The area around Lake Street and Hiawatha has changed greatly in the past 50 years, but the train yards in Longfellow that run parallel to Hiawatha, past the towering Archers-Daniel-Midland silos, look very much as they must have 75 years ago. Walking around the yards on a recent Sunday afternoon, alone except for a friend accompanying me, I had a feeling of being completely out of time.
Trains have been pulling in and out of these yards for more than a hundred years, carrying wheat, fuel, and anything else that needed to be transported between Chicago, Canada and the West Coast. They look very much the same now as they must have then, and it’s not hard to start making wild mental calculations about how difficult it might be for you to jump onto one of those boxcars undetected, and how long it would be before you were in California.
Riding the rails strikes some deep nerve in the shared American cultural experience; it’s not entirely inaccurate to note that the modern ideal of the teenager as a roaming, independence-minded outcast was largely created during the Great Depression boxcar boom. All those boxcar kids with dirty clothes and bindles riding the rails helped do a lot of mythmaking. There is still an active, vibrant subculture of train-hoppers, making their way back and forth across America.
The most obvious physical evidence of this culture is train graffiti. Take the Northstar commuter rail past the massive Burlington-Northern-Santa Fe rail yards between Minneapolis and Coon Rapids, or poke around in the rail yards in Longfellow or Northeast, and you’ll come across hundreds upon hundreds of examples. Colorful, larger-than-life train graffiti can be found on nearly every car.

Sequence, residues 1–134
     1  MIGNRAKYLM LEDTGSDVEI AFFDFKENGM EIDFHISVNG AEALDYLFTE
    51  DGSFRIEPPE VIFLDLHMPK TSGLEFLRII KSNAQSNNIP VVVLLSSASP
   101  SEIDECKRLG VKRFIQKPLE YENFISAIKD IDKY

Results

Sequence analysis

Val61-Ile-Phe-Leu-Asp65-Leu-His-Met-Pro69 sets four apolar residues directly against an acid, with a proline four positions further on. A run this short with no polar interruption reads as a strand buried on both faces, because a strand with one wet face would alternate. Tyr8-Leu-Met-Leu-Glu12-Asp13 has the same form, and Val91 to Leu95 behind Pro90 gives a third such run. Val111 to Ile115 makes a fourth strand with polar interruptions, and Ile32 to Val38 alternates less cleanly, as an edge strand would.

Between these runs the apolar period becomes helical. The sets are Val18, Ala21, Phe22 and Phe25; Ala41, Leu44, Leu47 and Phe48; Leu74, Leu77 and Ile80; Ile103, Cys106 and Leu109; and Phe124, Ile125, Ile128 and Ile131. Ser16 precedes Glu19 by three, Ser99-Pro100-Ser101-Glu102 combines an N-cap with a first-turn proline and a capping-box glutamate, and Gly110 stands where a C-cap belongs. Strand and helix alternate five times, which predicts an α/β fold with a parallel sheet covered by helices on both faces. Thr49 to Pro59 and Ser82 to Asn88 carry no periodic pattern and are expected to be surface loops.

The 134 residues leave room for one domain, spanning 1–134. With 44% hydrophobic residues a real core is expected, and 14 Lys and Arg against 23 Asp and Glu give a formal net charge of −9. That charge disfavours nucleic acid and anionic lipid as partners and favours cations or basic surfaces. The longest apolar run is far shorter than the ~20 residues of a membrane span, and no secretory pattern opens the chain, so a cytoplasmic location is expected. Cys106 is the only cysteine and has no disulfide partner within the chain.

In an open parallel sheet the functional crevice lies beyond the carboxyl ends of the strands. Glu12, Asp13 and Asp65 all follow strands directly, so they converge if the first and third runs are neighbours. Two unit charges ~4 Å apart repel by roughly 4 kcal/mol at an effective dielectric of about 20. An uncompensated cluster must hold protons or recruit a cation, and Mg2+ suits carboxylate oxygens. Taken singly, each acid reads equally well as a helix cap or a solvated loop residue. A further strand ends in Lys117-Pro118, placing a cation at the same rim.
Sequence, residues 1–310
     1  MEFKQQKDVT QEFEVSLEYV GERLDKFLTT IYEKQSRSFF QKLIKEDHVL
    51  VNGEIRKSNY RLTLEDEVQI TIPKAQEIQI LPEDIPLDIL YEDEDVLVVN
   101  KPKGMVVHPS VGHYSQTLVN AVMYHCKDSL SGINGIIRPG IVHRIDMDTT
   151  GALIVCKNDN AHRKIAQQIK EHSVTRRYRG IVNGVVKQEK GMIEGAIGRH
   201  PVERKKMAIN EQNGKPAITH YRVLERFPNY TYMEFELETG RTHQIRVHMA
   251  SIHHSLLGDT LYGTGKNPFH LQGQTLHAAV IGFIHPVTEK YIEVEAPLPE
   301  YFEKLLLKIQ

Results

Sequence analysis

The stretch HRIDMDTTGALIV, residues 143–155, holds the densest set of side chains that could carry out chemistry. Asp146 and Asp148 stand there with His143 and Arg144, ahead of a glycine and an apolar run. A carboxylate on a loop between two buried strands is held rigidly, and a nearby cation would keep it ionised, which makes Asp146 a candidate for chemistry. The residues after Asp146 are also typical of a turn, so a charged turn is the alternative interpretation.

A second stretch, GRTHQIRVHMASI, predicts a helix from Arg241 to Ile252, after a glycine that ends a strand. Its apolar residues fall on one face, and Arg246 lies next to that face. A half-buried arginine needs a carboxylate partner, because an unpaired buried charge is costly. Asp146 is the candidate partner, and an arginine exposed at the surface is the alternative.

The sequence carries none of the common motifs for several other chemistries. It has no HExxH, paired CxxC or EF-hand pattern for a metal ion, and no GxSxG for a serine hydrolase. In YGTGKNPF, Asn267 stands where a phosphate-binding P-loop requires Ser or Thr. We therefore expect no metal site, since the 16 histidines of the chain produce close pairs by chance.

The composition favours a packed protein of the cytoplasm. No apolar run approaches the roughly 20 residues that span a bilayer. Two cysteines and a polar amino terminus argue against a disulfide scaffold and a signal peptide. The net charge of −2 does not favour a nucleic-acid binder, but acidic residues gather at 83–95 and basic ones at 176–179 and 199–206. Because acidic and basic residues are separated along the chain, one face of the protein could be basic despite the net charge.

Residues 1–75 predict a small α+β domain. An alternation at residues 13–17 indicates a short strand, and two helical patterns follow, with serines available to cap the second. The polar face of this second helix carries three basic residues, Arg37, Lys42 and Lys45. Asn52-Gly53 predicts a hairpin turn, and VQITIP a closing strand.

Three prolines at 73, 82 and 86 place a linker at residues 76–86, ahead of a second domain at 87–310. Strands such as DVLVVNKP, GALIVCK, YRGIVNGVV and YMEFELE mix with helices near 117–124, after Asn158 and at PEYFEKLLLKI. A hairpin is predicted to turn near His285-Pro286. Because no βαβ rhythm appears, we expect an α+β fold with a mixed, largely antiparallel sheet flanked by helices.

(Of course, MinnPost’s readers being uniformly upstanding, law-abiding citizens, I should not have to mention here that the many, many illegal activities recounted in this piece — graffiti, train-hopping, wandering around rail yards — do not represent the views of this fine organization.)
This type of graffiti has a long, strange, and thoroughly American lineage. The first markings to appear on boxcars were made with chalk and pencil by railroad workers, noting arrival and departure times, weights, and other information about the car’s contents for the benefit of their colleagues in distant cities that would be unloading them. As Woody Guthrie-style rail riding became a popular, illicit way for people to travel cheaply across long distances in the early part of the 20th century, a whole taxonomy of hobo markings began to appear on the sides of these boxcars – like the railroad workers’ markings, these were cryptic notations meant for a specific, in-the-know audience. (In 2010, the Walker Art Center screened Bill Daniels’ film “Who is Bozo Texino?” — one of the best examinations of this phenomenon and required viewing for anyone interested in this history.)
Decades later, in 1970s-era New York City, kids in the Bronx associated with the nascent hip-hop subculture began spray-painting the sides of subway cars, turning the city’s transit system into a rolling museum of outsider art (covered from both the pro- and anti-graffiti perspectives in the great 1983 film “Style Wars”).
Over the last 30 years, these disparate styles – intimate, rural hobo markings and bold, colorful urban spray-painted vistas – have fused into a contemporary style that seems to draw equally from each tradition. The sides of train cars today run the gamut, from sloppy gang-style tags and idle signatures to line drawings, stenciled imagery, and enormously complex color fields. These markings are meant to be examined in close quarters, or viewed from long distances. They are both widely accessible to anyone who might happen see a train roll by, and completely impenetrable to anyone not knowledgeable of the subculture.